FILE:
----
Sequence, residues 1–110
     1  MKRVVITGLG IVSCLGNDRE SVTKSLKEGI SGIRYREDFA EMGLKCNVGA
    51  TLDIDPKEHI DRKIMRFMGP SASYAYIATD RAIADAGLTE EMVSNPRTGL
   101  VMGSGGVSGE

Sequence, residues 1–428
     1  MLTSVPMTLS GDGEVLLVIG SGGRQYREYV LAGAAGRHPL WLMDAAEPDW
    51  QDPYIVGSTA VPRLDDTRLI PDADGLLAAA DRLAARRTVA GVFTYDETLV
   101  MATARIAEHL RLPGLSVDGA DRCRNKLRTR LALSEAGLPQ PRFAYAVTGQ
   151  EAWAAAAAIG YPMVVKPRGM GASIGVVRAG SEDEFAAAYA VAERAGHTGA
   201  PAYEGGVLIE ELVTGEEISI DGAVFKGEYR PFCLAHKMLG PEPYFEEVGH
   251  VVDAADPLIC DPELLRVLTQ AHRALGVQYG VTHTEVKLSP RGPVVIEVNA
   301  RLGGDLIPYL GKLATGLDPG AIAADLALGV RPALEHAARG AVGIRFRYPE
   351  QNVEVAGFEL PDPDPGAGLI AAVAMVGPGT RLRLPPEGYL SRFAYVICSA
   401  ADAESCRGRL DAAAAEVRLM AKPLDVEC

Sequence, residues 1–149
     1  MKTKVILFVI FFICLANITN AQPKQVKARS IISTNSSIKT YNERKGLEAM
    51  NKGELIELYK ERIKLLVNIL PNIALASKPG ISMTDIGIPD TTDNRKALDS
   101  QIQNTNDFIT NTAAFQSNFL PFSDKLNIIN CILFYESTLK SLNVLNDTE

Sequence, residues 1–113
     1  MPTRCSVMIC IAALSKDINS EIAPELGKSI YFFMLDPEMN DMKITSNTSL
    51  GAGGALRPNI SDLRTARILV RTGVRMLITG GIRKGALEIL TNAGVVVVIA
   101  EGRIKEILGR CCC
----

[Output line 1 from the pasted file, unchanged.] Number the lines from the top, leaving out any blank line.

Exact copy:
Sequence, residues 1–110